Crushing stone

Obviously wrong

Earlier this year, in “Mining our business”, I’d explained why it would be unlawful for the government to permit L&T, Gammon and HCC to operate stone quarries for the Punatshangchhu hydropower project.

I don’t know for sure, but it looks like L&T, Gammon and HCC are now not operating the stone quarries. That is very good.

But what I do know for sure is that L&T, Gammon and HCC have each established stone crushing plants. That is bad. And that is illegal.

Stone crushing is a specific business, one that requires a separate industrial license, and one that is not open for foreign direct investment. Added to that, the lucrative business is surely outside the scope of the construction contract packages that L&T, Gammon and HCC have with the Punatsangchhu hydropower project.

So why have they been allowed to establish their own stone crushing plants?

I’ve written to the minister for economic affairs alerting him that the plants in question may be unlawful.

Mining our business

Most of the work at the Punatsangchu hydropower project, estimated to cost more than Nu 36 billion, is being contracted out to large Indian companies. And rightfully so. After all, we still don’t have enough in-house capacity to dig tunnels, erect dams and build powerhouses.

But mining? For stone? Now that, I’m sure we can all agree, is something we are good at!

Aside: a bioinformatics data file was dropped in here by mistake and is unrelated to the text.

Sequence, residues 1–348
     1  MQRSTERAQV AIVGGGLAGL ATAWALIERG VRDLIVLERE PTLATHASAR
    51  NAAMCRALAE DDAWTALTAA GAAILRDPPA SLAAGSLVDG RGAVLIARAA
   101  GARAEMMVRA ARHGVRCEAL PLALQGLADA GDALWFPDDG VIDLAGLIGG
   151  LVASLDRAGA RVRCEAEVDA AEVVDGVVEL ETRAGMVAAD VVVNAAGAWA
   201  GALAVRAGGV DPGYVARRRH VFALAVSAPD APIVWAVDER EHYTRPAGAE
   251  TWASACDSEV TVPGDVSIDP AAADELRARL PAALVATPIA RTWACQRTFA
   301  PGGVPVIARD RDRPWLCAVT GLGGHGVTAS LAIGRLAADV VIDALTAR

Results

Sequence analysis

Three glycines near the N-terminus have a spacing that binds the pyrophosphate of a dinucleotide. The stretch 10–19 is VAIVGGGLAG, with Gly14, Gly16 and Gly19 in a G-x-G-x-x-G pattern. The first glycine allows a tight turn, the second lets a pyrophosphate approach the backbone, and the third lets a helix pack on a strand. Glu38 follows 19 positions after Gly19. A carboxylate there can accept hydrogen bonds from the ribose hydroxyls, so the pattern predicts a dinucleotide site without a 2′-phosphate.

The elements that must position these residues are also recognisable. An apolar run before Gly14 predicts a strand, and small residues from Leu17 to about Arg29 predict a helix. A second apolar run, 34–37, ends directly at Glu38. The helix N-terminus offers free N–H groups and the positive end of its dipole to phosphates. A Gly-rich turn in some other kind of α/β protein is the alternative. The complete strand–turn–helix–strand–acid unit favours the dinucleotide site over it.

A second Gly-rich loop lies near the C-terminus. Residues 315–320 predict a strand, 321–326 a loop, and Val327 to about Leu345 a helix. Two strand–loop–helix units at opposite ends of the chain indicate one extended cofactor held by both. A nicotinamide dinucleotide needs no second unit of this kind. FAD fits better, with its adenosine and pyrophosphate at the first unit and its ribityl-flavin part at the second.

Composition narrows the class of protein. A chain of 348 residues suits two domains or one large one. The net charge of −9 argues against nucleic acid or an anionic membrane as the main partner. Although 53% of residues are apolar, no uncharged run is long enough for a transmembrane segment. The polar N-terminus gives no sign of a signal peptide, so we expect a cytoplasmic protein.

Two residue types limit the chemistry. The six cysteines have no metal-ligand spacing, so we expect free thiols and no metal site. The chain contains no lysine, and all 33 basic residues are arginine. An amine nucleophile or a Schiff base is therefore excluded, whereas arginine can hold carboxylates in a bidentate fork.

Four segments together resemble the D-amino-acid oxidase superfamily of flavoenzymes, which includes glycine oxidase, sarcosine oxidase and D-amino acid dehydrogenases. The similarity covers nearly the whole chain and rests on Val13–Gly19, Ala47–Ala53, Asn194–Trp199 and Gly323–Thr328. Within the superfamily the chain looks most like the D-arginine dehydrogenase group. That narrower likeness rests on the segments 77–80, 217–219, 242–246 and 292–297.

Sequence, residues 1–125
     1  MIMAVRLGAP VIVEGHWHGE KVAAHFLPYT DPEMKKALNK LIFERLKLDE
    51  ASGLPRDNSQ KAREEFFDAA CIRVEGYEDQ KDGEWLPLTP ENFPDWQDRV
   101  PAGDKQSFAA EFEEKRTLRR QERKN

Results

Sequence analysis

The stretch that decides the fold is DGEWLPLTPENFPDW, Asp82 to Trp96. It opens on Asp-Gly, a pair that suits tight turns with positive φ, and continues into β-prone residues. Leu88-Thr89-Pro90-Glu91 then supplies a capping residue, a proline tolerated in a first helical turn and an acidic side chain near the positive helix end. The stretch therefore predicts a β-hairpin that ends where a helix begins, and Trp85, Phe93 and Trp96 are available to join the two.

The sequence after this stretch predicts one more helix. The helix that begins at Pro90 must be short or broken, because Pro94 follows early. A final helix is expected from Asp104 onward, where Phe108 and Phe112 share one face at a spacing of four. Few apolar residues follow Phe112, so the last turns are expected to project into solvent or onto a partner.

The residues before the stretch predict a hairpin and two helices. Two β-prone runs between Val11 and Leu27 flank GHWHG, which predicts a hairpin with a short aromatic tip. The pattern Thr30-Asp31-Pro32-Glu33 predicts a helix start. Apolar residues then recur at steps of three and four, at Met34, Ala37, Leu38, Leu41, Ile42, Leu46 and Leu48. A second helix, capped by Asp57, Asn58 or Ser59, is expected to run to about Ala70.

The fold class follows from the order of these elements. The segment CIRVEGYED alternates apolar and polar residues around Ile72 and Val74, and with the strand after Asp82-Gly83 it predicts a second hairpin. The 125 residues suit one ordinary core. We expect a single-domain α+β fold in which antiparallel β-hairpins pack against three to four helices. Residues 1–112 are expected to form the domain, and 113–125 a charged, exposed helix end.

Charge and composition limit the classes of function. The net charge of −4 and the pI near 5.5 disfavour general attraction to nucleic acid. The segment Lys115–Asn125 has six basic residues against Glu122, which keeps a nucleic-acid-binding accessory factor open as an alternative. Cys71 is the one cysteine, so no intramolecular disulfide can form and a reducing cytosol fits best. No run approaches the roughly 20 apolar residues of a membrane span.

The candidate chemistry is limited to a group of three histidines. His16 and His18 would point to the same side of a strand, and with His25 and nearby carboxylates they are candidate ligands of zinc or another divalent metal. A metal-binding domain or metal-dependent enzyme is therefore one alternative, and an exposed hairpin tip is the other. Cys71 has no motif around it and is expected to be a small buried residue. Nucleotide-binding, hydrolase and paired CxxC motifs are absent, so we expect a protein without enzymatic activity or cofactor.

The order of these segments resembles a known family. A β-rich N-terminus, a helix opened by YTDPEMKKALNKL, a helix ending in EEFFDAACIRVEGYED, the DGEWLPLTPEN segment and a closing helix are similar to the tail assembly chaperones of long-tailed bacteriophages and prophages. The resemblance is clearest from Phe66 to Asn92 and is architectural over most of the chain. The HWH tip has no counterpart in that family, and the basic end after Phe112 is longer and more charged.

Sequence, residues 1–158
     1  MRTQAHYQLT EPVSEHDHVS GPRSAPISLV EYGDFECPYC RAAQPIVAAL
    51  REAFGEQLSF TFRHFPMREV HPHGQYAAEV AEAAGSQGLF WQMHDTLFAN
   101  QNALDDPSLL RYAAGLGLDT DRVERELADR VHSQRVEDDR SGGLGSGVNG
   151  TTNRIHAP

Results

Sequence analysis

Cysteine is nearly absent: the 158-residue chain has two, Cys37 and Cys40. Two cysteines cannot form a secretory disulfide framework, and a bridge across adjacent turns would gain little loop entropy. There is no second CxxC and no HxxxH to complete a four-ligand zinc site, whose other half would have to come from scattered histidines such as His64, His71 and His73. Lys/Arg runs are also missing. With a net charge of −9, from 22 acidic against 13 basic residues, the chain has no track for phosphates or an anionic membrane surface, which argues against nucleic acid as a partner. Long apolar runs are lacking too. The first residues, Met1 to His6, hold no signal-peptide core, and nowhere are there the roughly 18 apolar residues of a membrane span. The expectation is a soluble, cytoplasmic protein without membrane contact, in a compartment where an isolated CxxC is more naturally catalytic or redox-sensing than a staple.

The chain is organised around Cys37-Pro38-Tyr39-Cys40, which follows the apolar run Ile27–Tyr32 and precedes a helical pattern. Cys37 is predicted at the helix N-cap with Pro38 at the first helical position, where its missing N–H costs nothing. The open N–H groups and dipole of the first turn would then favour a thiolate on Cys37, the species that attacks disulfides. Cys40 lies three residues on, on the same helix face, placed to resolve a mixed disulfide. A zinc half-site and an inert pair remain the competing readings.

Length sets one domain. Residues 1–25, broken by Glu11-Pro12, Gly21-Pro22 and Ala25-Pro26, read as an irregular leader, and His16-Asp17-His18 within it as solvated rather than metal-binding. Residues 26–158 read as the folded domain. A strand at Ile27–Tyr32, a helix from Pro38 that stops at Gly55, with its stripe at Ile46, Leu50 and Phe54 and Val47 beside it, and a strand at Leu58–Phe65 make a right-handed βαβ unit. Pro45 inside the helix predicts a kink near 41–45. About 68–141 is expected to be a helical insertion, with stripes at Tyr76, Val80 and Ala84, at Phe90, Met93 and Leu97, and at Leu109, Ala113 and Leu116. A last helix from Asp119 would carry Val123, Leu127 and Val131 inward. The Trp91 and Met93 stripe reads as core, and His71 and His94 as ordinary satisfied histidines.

Then why is the government allowing Indian companies – L&T, HCC and Gammon – to operate stone quarries for the Punatsangchu hydropower project?

And how will L&T, HCC and Gammon operate their mines when the Mines and Minerals Management Regulations 2002 clearly defines the eligibility to obtain a mining lease as:

Any Bhutanese individual, licensed firm or a company shall be eligible to obtain a mining lease.

To be doubly sure that only Bhutanese companies operate our mines, the Mines and Minerals Management Regulations goes on to define “company” as:

Any organization registered under the Companies Act of the Kingdom of Bhutan, 2000.

I’ve reported the matter to the Anticorruption Commission.

Dangerous work

Gammon's bridge

Gammon's bridge

On September 9, 2007 a flyover that was being built in Hyderabad collapsed killing two people. The contractor, Gammon India, was charged with negligence.

On July 12, 2009 a flyover that was being built in South Delhi collapsed killing six people. The contractor, Gammon India, was held responsible for the accident, and was banned from undertaking metro rail construction for two years.

On December 24, 2009 a bridge that was being built in Kota, Rajasthan collapsed killing 28 people. Rescuers continue to search for about 50 workers who are missing since the accident. The contractor? Gammon India, who also happens to be one of the contractors for the Punatsangchhu-I Hydroelectric Project Authority.

Gammon India won the contract to build the Head Race Tunnel for Punatsangchu-I. But, given their recent record, the Government would be well advised to reconsider their contract with them.